Giving a Pair of Shoes Covers a Multitude of Sins

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I hope you can forgive me on this one. I found this as a draft from long ago that I didn’t publish until now. I thought about tossing it out, but decided it was better to document an instance (of a large pool of examples) of policemen shooting unarmed people, whether it happened this week or two months ago. (Also, I was asked by a member of a Meetup to which I belong to help promote the radio host in the video, Josh Tolley. Not sure that his style suits my tastes, but do with it what you will.) It seems particularly curious that innocents getting killed by police garners much less attention than a single police officer giving a homeless man a pair of shoes. Is it because the former has become so commonplace that it seems hardly newsworthy? Are commendable acts by police officers so rare that one being photographed merits national attention?

<br /><br />	This photo provided by Jennifer Foster shows New York City Police Officer Larry DePrimo presenting a barefoot homeless man in New York's Time Square with boots Nov. 14, 2012 . Foster was visiting New York with her boyfriend on Nov. 14, when she came across the shoeless man asking for change in Times Square. As she was about to approach him, she said the officer came up to the man with a pair of all-weather boots and thermal socks on the frigid night. She took the picture on her cellphone. It was posted Tuesday night to the NYPD's official Facebook page and became an instant hit. More than 350,000 users "liked" it as of Thursday afternoon, and over 100,000 shared it. (AP Photo/Jennifer Foster)<br /><br />

Obviously, it is possible that some police officers are capable of acts of kindness and not all of them desire to break down your door and shoot you and/or your dog. However, the frequency of such acts of violence by those with badges should lead us to seriously challenge the notion that the problems can all be chalked up to a few bad apples. I would like to offer this alternative: the institutional framework of the existing statist policing regime should lead us to expect such results. Firstly, think of the tremendous power afforded to police officers. Such power will immediately appeal to those who desire to use it, leading to a pool of candidates that is biased in terms of those who have a lust for dominance. I should know: I have obtained a bachelor’s degree in criminal justice and know the people who want to be cops.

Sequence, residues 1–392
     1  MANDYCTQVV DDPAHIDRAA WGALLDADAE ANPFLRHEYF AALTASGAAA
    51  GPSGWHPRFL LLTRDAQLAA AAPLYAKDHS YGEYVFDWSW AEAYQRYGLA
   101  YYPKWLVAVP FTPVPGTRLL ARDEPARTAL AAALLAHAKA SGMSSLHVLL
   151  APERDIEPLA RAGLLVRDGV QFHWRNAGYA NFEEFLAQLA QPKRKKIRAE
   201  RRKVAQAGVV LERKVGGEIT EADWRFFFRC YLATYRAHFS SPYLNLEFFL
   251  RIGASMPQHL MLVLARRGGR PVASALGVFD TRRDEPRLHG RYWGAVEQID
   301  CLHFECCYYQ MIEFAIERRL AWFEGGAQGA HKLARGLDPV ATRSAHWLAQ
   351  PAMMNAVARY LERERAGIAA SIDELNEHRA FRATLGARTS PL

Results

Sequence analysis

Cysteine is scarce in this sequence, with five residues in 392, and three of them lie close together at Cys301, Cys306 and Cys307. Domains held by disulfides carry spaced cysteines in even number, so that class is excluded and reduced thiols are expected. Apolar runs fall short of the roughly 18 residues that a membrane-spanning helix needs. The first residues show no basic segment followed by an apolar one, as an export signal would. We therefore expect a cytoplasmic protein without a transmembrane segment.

Secondly, the official checks upon police power continue to be diminished (I say “official” because the rise in widespread carrying of devices that are capable of recording video may make officers think more deeply about what actions they will take when in the public eye). In furtherance of the drug war, as well as the war on terror, the courts have continued to decide in favor of police power over constitutional protections.In my own experience, police have searched my vehicle twice (at least to my knowledge). It used to be the case that such an invasion of property required a warrant supported by probable cause and the approval of a judge (and even in this frequently idealized procedure, it doesn’t take an anarchist to realize that cops and judges play for the same team and the deck is already stacked against you). Then judges decided that the 4th Amendment didn’t apply to motor vehicles in the same way that it did to other property and decreed that police were no longer required to obtain a warrant to search a vehicle. To further whittle away any privacy or security in one’s car, the courts then decided that all it took was a drug-sniffing dog to alert on a car and it could be legally searched. This is what happened both times in my case. I have never even handled elicit substances, yet somehow they found their way onto my door handle. Twice. I think a more plausible explanation is that the police know I cannot prove that either their dog is faulty or, more likely, the dog never alerted to anything at all. Thus they are given free reign to go on fishing expeditions. Find something and they’ve got a bust. Find nothing and there is no penalty to them, yet if I did the same thing as a non-badge carrier I would be considered guilty of false imprisonment, car burglary, and robbery (for giving people bills and then threatening to revoke their license and put them in jail should they not submit).

Thirdly, undesirable behavior is officially incentivized. Drug units in many police departments are given grants by the federal government that are partially based on the number of drug arrests. Thus, the most extreme way to handle a problem is the way of choice when something such as a warning may do. (Not to mention the fact that drug and vice “crimes” don’t have a victim. Why aren’t there more people asking why the State has a right to use violence against non-violent people in the first place?)

Fourthly, and perhaps most importantly, police have a monopoly on violence. The reason why you don’t really hear about cases of security guard brutality (none come to mind) is that they face the likelihood of immediate termination because people don’t want to do business with others who beat them up. Taking your business elsewhere is a powerful check. Yet that option is not officially available in regards to government police. Their paycheck is obtained through the theft called taxation. You are not their customer. You are their potential suspect.

Given only these considerations, the rampant violence and corruption that are commonplace among American police departments should be expected. So the question baffling me is why do people continue to revere policemen as selfless heroes, or at least give the institution the unmerited benefit of the doubt?

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